Several AAPG meetings have taken place since the last issue of the EXPLORER was published, including the International Conference and Exhibition in Singapore, and the annual meetings for the Eastern Section (Cleveland) and GCAGS (Austin, Texas).
All had successful environmental sessions, and the turnout for each was excellent.
The speaker for the joint DEG/EMD luncheon in Singapore was John Fontana, who spoke on the topic of “Water Well ‘Problems’ in Areas of Unconventional Resource Development: Appearances are Deceiving and Solutions are Many.”
In his talk, John discussed ways to design a monitoring program to assess water quality and determine potential source(s) of contamination in water wells proximal to active drilling areas.
The good news: A link to his slide show can be found on DEG’s website at deg.aapg.org.
This is only one example of the kind of information we are now including on our website to provide our membership with relevant research and current events associated with both industry and the environment. If you have not visited the DEG website recently, please take a moment to do so – I think you will find it useful and informative.
We also are building a new section of the website that will provide links and information regarding technical studies, research, data and “on-the-ground” happenings relevant to shale gas development.
In addition to the recent AAPG meetings, I also had the distinct pleasure to attend the Integrated Petroleum Environmental Consortium (IPEC) conference in Denver at the end of October.
For those not familiar with IPEC, it is a joint effort by the University of Tulsa, the University of Oklahoma, Oklahoma State University and the University of Arkansas to facilitate reductions in the cost of compliance with environmental regulations, thereby increasing the competitiveness of the domestic petroleum industry.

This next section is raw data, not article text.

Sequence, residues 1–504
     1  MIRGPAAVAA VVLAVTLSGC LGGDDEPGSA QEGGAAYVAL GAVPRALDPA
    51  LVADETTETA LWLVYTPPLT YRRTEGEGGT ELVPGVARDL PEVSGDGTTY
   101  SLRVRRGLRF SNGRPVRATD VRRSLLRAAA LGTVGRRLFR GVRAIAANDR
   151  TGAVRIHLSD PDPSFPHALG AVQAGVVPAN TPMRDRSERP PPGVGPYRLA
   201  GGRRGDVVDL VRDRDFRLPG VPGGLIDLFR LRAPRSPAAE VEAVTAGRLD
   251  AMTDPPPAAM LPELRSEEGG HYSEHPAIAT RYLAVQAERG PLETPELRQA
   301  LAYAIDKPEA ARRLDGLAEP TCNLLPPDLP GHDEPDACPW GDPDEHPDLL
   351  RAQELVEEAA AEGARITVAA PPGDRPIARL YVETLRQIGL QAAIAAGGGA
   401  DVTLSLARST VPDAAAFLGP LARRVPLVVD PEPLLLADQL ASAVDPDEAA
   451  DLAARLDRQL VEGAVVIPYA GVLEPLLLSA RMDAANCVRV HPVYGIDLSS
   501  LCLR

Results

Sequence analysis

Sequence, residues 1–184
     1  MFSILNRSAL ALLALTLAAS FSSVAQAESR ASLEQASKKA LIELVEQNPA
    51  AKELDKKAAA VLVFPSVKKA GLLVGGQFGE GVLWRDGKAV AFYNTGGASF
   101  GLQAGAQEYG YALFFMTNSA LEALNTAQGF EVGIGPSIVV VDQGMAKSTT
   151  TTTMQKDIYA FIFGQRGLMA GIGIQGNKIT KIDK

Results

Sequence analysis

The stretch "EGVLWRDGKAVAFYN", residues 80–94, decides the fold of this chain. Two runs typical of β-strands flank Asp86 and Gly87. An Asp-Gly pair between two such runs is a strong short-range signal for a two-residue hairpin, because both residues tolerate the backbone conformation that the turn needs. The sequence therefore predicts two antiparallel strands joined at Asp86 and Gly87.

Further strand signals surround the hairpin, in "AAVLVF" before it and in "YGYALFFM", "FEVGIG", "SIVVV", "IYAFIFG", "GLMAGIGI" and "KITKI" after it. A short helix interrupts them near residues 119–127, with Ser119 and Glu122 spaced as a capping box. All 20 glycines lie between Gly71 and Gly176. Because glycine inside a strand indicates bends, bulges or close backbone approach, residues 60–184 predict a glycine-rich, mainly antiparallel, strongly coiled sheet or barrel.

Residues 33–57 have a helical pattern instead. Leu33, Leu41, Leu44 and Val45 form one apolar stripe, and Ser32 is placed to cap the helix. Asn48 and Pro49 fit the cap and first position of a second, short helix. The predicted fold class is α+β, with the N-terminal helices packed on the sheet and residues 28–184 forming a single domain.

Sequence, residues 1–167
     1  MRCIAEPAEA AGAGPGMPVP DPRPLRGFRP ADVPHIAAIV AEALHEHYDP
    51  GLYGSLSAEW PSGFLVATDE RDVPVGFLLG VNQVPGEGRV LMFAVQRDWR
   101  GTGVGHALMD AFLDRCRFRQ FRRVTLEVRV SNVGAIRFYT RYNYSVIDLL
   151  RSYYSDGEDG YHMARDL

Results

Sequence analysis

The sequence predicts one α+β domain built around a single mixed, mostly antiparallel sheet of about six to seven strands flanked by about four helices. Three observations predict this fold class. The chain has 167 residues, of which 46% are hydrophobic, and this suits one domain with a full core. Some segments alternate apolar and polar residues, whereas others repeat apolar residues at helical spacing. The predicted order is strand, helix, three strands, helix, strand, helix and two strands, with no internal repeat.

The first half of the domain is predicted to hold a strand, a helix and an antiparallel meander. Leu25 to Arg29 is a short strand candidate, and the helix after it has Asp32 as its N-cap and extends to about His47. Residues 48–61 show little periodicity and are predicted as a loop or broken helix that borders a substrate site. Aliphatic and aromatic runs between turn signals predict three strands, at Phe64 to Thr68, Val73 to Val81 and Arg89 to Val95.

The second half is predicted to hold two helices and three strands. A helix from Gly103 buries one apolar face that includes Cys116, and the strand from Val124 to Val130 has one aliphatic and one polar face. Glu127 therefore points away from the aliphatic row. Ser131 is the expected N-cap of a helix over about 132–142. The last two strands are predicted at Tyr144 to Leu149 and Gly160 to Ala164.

The technical sessions ranged in content from characterization and remediation of hydrocarbon spills to legal and regulatory issues in production.
The 2012 IPEC meeting agenda and abstracts can be found online at ipec.utulsa.edu/Conf2012/2012agenda.htm.
The latest issue of our quarterly e-newsletter, “Spheres of Influence,” is now out. One of our regular sections is called the “Good, the Bad and the Ugly,” which is a collection of hyperlinks to the latest Internet-based articles regarding the petroleum industry that can be, well, you know, good, bad or ugly.
All DEG members receive the e-newsletter, and all issues are archived on the DEG website.
As you are no doubt aware, several movies have addressed the topic of hydraulic fracturing (“fracing”) in recent years. The latest, by Matt Damon, is called “Promised Land” and due to premiere at the end of December.
How it portrays the oil industry remains to be seen, and it is interesting that the film is being partially financed by the government of Abu Dhabi.
Please continue to spread the truth about hydraulic fracturing to the public. Let’s not bury our heads on this issue so vital to the petroleum industry. The United States has the opportunity to become energy independent in the near future all because of the reserves that this technology has made accessible here at home.
DEG hopes that you remain engaged in the environmental aspects of our work.
If you are not already a DEG member, consider joining to become involved in the environmental side of the energy industry.
The Division of Environmental Geosciences (DEG), a division of AAPG, is concerned with increasing awareness of the environment and the petroleum industry and providing AAPG with a scientific voice in the public arena. Among its objectives are educating members about important environmental issues, supporting and encouraging research on the effects of exploration and production on the environment, and communicating scientific information to concerned governmental agencies.